Chris felt like an icy cold hand had grabbed his heart. Julian. The voice had called him Julian. That was the name the man he would use with the man he was to give the memory stick to. The owner of the voice knew who he was.
"Julian? I think you're mistaking me for someone else," he said, playing for time.
The woman on the right smiled. The woman on the left smiled too. The woman on the right spoke.
"Don't worry, we know that Julian is not your actual name."
"But we know you will go by the name Julian," said the woman on the left. "We don't know your real name. We don't care what your real name is. But we know who you are."
"We know what you have," said Right.
"We want it," said Left.
"I don't know what you're talking about," said Chris. It was relatively easy to feign bafflement. Even though he did know what they were talking about, everything else about them made no sense.
"We must apologise," said Right. "We chose badly when we recruited associates in Milan. Their methods were cruder than we would find acceptable."
"And they were unsuccessful," said Left.
"Our approach is different. Where they tried force, we try persuasion."
"And inducements," said Left. She held up a shopping bag containing objects whose nature was not immediately apparent to Chris, though an explanation was soon forthcoming. "One hundred thousand Euros. It can be yours. If you give us the memory stick."
"That is a most interesting offer," said Chris. "Though of course I still have no idea what this memory stick you are talking about is. But if I did… there is still the matter of those French cops who are going to haul me in for drug smuggling if I don't deliver the stick for them."
The two women looked at each other and then looked back at Chris. They smiled at him again. Their smile now was patronising. Chris did not like being patronised.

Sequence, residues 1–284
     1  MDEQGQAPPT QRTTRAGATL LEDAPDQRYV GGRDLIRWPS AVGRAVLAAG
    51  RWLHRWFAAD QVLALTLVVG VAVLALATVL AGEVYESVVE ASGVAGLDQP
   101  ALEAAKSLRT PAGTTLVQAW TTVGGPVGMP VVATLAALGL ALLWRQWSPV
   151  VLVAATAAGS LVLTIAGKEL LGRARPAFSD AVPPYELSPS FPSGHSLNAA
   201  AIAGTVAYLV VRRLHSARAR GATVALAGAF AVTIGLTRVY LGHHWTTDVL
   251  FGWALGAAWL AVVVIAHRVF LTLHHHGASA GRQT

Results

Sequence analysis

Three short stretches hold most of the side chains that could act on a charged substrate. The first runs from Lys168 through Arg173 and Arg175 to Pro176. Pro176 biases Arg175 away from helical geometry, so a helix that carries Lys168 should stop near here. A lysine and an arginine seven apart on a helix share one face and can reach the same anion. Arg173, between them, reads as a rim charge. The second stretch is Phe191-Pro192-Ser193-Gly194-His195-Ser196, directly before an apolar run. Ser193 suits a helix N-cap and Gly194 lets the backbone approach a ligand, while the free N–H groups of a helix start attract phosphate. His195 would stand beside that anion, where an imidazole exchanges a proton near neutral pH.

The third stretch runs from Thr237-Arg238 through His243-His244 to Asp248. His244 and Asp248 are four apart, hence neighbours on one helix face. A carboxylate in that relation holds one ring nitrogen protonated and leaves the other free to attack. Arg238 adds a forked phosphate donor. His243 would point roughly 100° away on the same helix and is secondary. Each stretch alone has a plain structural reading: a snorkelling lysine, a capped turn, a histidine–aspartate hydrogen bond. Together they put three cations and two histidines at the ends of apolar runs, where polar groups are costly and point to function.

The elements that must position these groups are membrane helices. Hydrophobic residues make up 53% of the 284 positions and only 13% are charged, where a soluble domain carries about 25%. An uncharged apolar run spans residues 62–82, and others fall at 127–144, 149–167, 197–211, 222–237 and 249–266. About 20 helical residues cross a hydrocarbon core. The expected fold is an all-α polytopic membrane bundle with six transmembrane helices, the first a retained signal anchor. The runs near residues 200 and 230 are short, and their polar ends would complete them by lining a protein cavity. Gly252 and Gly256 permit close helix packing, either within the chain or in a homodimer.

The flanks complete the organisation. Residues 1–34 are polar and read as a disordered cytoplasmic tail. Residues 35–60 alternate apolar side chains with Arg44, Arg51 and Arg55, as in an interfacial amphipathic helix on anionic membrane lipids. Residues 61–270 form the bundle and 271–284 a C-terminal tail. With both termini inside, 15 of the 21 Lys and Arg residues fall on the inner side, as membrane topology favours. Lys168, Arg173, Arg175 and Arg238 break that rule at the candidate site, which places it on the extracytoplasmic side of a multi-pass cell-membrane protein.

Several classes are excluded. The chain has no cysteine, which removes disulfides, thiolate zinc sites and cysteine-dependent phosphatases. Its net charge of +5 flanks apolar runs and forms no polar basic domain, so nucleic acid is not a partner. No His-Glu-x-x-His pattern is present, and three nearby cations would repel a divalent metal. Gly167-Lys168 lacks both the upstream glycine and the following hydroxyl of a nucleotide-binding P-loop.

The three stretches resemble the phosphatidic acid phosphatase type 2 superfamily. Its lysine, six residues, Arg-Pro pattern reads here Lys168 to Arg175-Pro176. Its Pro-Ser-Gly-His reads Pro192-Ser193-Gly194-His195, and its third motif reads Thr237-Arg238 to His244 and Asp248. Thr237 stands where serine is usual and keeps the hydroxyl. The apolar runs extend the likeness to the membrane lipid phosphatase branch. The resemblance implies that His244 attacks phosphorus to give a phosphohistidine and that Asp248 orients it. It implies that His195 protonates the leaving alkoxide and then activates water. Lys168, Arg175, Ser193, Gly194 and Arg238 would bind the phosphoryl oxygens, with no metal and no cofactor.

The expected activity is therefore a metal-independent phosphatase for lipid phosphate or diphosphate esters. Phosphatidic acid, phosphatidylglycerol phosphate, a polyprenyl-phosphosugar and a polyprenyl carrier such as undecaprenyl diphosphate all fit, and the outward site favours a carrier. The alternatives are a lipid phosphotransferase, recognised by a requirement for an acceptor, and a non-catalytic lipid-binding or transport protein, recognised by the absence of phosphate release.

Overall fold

"Oh dear," said Left. "Did you really think they were cops?"
"They have no power over you," said Right.
"Take the money, give us the memory stick," said Left. "You will not hear from them again."
"And if you do, laugh in their face. They can do nothing."
This was not unconvincing. And it was hard to say no to someone offering you a hundred thousand Euro for something you did not want. But Chris hated people telling him that what they wanted was in his best interest. And he was genuinely fascinated by this whole business with the memory stick. Almost like a spectator in his own story, he wanted to see how it would end, and he felt that taking the money and giving them the stick would be like walking out of a cinema before the end of a film.
"No dice," he said, almost surprised that this was the phrase that popped out of his mouth. "Thanks for the offer, but you keep your money and I'll keep the stick."
"You are making a big mistake," said Right.
"Oh right, I suppose this is the moment when you both take out guns and try to shoot me, or else your accomplices come out of the shadows and try to take the stick from me by force?"
"Nothing so crude," said Right.
"Those are not our methods," said Left. "Your mistake lies in refusing the money - think what you could do with it."
"And think of who you are giving the stick to. You don't know anything about them. You don't know what they are going to do with the information it contains."
Chris had not thought of this. But what could the stick have on it? Sensitive commercial secrets? Some top secret bullshit government information from somewhere? Did he really care what anyone did with this information? No, he did not.
"I don't know and I don't care."
"Please," said Right, her tone almost pleading. "You have been forced to carry this stick. The people forcing you are not your friends. We are not your friends either, but we are making a generous offer to you for the stick. Does that not count for something?"
"If the money is not enough," said Left, "more could probably be arranged."
"You really want the memory stick," said Chris.
"To be honest," said Left, her voice sounding far more natural than it had at any point up to now, "we do not particularly want it. But we do not want it to reach its intended recipients. The consequences of that would be disastrous."
"Why? Who are these people I am to give it to?"
The two women looked at each other again, before turning back to Chris.
"We cannot tell you that," said Right.
"I'm sorry," said Left. The woman on the right nudged her. "I mean, we're sorry."